Though sluggish, economic growth in the United States has been one of the few bright spots for the company. Weakness in orders for durable goods could turn this negative as well and hit the shares particularly hard after a negative earnings report.
High quality names to ride out the storm
Johnson Controls (JCI) recently reported that it would take a pre-tax charge of between $225 million and $275 million in the fourth quarter on restructuring and pension costs. The company is expected to report a net gain of $0.75 per share on October 30th, flat over the same period last year, on a slight uptick in revenue. Johnson Controls has been able to grow revenue by a compound annual rate of 6.7% over the last decade and has reduced its long-term debt-capital ratio to around 30%. The stock trades for a relatively cheap 10.5 times trailing earnings and pays a 2.7% dividend yield. Weakening auto sales and a sluggish global economy make act as a headwind on the shares but the company is addressing key structural issues and is attractively priced.
Boeing (BA) is the world's second largest maker of commercial jets and the third largest military weapons maker. The commercial segment accounts for 49% of revenues, while military funding makes up 50% of revenues. Though the economy is not exactly driving commercial sales, the obvious weakness here is in revenue from military spending. Next year's proposed cuts to defense are still on the table though I believe Congress will reach an eleventh-hour accord to defer the bulk of the cuts. The company recently announced a 20% increase in its production rate for its 777 jets. This drive for efficiency and a backlog of 335 planes should help to moderate any effects of a slowdown in defense spending. The shares are priced relatively cheaply at 12.8 times trailing earnings and pay a 2.4% dividend.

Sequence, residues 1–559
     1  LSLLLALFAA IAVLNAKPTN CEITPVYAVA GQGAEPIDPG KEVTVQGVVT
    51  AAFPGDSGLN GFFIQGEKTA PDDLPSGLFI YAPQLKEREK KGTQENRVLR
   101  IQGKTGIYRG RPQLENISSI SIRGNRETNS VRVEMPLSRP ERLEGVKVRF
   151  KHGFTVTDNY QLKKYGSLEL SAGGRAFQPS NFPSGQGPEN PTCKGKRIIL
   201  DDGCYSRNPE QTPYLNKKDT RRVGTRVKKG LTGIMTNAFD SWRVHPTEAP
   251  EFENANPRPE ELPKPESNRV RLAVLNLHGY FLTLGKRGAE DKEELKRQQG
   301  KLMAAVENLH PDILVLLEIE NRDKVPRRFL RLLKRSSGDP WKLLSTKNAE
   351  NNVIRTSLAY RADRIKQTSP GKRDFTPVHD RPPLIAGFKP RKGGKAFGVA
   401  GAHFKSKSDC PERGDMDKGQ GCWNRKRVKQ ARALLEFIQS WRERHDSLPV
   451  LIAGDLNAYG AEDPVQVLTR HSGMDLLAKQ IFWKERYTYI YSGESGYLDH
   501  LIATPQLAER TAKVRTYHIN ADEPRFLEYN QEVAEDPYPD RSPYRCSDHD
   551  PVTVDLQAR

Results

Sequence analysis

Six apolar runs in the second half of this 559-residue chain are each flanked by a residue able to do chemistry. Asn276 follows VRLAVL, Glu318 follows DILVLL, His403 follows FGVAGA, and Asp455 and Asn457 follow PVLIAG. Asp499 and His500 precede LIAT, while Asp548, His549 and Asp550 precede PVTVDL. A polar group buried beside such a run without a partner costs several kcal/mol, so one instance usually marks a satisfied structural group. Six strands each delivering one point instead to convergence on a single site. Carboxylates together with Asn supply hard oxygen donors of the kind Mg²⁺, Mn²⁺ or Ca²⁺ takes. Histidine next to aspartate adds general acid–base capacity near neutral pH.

United Technologies (UTX) reported strong third-quarter earnings on Tuesday with an adjusted profit of $1.37 per share against expectations for $1.19 per share. Management has had the foresight to divest weaker segments like rocket engines, wind turbines and industrial pumps to grow total sales by 5.7% over the same period last year. The company's operating margin of 14.3% is above 86% of its peers in the Aerospace & Defense industry. Trading at 13.2 times trailing earnings, the shares may not be as attractively priced as Boeing but the company is well-run and pays a 2.7% dividend yield. While a weak durable goods report will weigh on the shares, management has proven itself capable of handling the external environment to beat expectations.
A tale of two markets
The last week has caught the market between opposing economic forces. On the one hand, Europe may finally have a credible backstop to its crisis and global central banks seem committed to supporting asset prices through unlimited easing. The other hand holds increasingly weak forward guidance out of earnings season and the world's largest economy almost definitely facing significant fiscal contraction in the coming year. Last month's print of durable goods was a big downside surprise and this month is expected to bounce back marginally. Any unexpected weakness will confirm the market's fear of fiscal cliff-induced weakness in business spending and could set the tone for the rest of the year. Investors may want to seek shelter in quality names like Johnson Controls, Boeing and United Technologies against more cyclical names like Alcoa and 3M.